Cheat Sheet: What’s going on behind Goldman Sachs’ acquisition of BNPL GreenSky?
- Goldman Sachs has acquired BNPL firm GreenSky for $2.24 billion, with the transaction expected to finish by Q4 2021 or Q1 2022.
- GreenSky's platform and team will be integrated with Marcus by Goldman Sachs.
Goldman Sachs announced it’s reached an agreement to acquire buy now, pay later firm GreenSky for $2.24 billion in an all-stock transaction. The acquisition saw GreenSky’s share surge 53% on the news and reflected Goldman’s interest in growing its consumer lending business.
The transaction details:
- The all-stock deal puts the per-share price for GreenSky stock at $12.11, making the implied transaction value approximately $2.24 billion.
- The deal, announced last Wednesday, values GreenSky at more than 50% above the previous day’s closing price.
- Goldman Sachs expects the transaction to close by the fourth quarter of 2021 or the first of 2022.
- GreenSky CEO David Zalik will join Goldman Sachs as a partner, and his team will move to Marcus.
What’s in it for the two parties?
Goldman Sachs aims to ramp up its consumer finance business and integrate GreenSky with its own BNPL platform Marcus.
GreenSky has a network of 10,000 merchants and competes primarily in consumer installment lending in the home improvement space. GreenSky services a loan portfolio of $9 billion and has provided home renovation loans worth over $30 billion to approximately four million customers since its founding in 2006.
Marcus has been building up its own operations — allowing users to save, spend, borrow and invest — and working on ways to meet consumers where they transact. Last year, MarcusPay struck a deal with JetBlue to offer a Fly Now, Pay Later alternative to the airline’s flights and vacation packages. A similar partnership was entered with Apple, allowing consumers to pay for any Apple Pay purchase in installments over time, with Goldman Sachs serving as the lender. In yet another deal, Goldman Sachs and Walmart partnered to offer the retailer’s Marketplace sellers a line of credit, offered by Marcus.
Part of Goldman Sachs’ strategy with Marcus’ lending arm is to reach new customers through direct channels, and second, to embed its lending within top brands’ platforms, like it’s doing with Apple Card. This acquisition allows Goldman to make progress on both these fronts: by gaining the ability to reach GreenSky’s customer base and by providing its BNPL option to merchants who then offer it at the point of sale. The deal also allows the bank to tap into the $430 billion home improvement market through GreenSky’s pioneering work in the space.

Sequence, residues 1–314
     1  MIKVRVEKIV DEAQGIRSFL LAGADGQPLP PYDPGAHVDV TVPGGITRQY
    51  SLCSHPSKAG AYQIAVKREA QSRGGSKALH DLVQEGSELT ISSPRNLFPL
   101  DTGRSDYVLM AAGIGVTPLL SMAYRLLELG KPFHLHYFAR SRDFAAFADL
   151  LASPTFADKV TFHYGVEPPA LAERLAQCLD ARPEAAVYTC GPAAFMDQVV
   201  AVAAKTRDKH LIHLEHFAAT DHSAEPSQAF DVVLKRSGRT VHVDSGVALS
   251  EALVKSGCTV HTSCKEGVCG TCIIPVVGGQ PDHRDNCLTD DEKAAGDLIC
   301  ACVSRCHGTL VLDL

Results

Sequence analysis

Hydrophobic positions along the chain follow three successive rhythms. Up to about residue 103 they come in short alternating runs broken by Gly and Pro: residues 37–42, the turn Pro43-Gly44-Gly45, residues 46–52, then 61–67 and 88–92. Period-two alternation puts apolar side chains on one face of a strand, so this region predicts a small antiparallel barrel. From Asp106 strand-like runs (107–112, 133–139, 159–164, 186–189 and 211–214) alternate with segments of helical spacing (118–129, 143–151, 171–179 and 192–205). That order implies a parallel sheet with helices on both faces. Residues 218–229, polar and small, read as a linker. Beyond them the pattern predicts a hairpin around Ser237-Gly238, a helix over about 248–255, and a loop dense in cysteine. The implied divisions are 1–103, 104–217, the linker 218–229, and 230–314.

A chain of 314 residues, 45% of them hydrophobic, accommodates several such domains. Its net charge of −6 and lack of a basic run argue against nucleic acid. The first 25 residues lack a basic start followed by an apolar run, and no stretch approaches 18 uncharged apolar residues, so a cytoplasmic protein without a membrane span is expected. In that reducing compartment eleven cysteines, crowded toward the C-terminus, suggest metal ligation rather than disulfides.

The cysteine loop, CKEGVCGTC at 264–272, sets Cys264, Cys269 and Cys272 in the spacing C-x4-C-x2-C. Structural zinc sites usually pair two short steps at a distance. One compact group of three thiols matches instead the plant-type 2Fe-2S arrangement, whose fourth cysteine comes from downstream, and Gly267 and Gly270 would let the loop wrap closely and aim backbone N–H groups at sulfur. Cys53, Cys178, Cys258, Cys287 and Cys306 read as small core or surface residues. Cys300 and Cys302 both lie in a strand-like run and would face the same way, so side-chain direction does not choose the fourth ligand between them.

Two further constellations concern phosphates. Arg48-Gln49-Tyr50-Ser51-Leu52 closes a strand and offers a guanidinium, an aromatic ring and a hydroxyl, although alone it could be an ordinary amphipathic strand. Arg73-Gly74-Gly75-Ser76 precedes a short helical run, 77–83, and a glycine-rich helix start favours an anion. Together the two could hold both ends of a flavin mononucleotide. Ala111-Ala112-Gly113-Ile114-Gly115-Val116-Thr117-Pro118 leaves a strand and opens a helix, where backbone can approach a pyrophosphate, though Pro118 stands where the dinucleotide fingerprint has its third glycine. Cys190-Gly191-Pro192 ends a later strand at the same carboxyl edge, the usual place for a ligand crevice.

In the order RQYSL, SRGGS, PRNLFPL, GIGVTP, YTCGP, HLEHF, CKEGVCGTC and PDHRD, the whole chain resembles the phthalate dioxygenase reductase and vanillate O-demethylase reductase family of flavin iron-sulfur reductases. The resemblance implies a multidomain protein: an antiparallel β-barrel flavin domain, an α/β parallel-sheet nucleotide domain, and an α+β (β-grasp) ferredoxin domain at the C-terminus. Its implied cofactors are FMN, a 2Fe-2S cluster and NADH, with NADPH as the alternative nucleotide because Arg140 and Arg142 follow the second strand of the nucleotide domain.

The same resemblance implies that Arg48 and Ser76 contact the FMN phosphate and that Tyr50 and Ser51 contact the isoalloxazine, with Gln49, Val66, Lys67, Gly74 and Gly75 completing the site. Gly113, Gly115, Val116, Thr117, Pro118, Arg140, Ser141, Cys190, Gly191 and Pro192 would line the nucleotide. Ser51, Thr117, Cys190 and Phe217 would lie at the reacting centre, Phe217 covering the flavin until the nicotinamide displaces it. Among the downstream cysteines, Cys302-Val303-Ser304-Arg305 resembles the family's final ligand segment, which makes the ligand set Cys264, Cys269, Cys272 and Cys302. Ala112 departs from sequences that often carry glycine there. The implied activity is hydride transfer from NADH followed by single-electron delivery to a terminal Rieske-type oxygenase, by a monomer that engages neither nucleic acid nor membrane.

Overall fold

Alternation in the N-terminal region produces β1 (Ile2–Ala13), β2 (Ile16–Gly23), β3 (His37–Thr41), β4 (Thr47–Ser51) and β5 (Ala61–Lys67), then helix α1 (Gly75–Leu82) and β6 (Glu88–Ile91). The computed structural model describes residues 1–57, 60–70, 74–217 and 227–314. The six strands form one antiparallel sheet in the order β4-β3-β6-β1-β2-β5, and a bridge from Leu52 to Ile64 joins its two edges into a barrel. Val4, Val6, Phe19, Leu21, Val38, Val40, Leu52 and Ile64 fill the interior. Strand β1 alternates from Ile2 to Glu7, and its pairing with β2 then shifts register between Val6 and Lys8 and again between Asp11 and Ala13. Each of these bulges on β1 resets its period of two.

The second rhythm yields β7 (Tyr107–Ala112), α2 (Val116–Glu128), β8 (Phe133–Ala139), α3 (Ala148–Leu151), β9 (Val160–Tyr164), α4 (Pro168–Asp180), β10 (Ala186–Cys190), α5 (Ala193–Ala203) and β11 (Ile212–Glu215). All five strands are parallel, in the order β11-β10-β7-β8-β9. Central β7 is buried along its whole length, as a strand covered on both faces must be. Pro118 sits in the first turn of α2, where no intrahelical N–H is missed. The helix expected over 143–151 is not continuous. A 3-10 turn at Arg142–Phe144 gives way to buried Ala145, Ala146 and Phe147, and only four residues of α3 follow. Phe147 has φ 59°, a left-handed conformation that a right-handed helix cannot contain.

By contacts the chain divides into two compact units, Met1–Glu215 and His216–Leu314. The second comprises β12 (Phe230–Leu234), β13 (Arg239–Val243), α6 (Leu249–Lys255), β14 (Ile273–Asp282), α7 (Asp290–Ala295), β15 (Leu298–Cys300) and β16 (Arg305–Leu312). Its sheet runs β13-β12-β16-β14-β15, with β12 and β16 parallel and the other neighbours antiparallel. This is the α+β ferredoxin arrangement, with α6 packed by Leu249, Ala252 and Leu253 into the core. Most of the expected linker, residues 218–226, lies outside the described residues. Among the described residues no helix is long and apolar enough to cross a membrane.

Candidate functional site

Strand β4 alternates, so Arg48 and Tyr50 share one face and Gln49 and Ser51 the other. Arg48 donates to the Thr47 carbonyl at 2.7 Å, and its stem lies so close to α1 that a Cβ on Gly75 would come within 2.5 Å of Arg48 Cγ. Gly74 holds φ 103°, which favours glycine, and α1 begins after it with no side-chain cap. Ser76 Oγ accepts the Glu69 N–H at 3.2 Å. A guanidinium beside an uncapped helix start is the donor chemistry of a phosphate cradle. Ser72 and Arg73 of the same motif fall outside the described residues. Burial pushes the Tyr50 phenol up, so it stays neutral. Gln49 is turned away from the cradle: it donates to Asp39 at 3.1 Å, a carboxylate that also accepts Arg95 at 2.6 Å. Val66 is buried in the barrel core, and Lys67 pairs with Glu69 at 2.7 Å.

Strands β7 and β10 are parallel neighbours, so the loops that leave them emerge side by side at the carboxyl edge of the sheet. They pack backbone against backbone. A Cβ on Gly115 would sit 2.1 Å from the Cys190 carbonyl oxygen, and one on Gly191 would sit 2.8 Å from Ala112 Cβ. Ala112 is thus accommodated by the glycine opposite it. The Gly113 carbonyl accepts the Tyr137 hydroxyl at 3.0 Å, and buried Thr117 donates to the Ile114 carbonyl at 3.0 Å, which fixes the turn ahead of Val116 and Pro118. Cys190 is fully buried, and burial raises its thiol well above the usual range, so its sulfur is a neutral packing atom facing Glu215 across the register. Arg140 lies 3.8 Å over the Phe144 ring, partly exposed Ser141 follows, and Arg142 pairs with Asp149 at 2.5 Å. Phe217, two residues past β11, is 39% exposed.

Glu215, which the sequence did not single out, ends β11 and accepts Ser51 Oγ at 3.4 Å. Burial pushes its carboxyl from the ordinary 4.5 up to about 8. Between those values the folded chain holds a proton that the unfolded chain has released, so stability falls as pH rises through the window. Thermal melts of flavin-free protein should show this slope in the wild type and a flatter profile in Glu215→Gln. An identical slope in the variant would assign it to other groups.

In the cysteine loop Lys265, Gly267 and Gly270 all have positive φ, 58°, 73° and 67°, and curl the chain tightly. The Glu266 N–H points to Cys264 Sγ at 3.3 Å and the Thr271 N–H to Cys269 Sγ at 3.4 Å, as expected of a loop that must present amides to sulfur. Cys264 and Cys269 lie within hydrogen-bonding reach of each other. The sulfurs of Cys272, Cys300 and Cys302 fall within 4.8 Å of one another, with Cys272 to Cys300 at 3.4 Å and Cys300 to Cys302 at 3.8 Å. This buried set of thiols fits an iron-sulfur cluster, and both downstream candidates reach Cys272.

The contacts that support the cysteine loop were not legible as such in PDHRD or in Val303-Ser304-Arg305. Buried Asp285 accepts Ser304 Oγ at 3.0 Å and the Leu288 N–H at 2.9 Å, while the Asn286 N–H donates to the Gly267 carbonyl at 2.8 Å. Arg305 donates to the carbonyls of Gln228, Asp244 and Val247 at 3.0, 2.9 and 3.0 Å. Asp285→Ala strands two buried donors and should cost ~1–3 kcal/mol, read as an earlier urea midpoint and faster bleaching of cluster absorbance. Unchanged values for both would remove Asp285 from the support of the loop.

“GreenSky and its talented team have built an impressive, cloud-native platform that will allow Marcus to reach a new and active set of merchants and customers and provide them with an expanding set of solutions. We welcome the GreenSky team to the Goldman Sachs family,” said David M. Solomon, Chairman, and CEO of Goldman Sachs.
GreenSky is hopeful the acquisition will help usher in a new phase of growth. The platform’s unique competence and growing user base coupled with Marcus’ expanding product range will create a compelling banking platform positioned for significant growth. The ability to lend off of Goldman Sachs’ balance sheet will enable the BNPL firm to offer more distinct products to both sellers and buyers, and service a greater quantity of loans.
“From GreenSky’s inception, our mission has been to deliver exceptional value, helping businesses grow and delight their customers. In combination with Goldman Sachs, we’re excited to continue delivering innovative point-of-sale payment solutions for our merchant partners and their customers on an accelerated basis,” said David Zalik, CEO of GreenSky.
What else is new in the BNPL industry?
- Square announced it is acquiring BNPL Afterpay, in an all-stock deal worth $29 billion. The transaction is expected to close by the first quarter of 2022.
- PayPal is acquiring Japanese fintech Paidy, a two-sided payments and BNPL platform, for $2.7 billion, principally in cash.
- Affirm went public earlier this year, valuing the firm at $12 billion. The company recently struck a partnership with Amazon to help customers break up purchases of $50 or more into smaller payments. Affirm already has partnerships in place with Walmart and Peloton.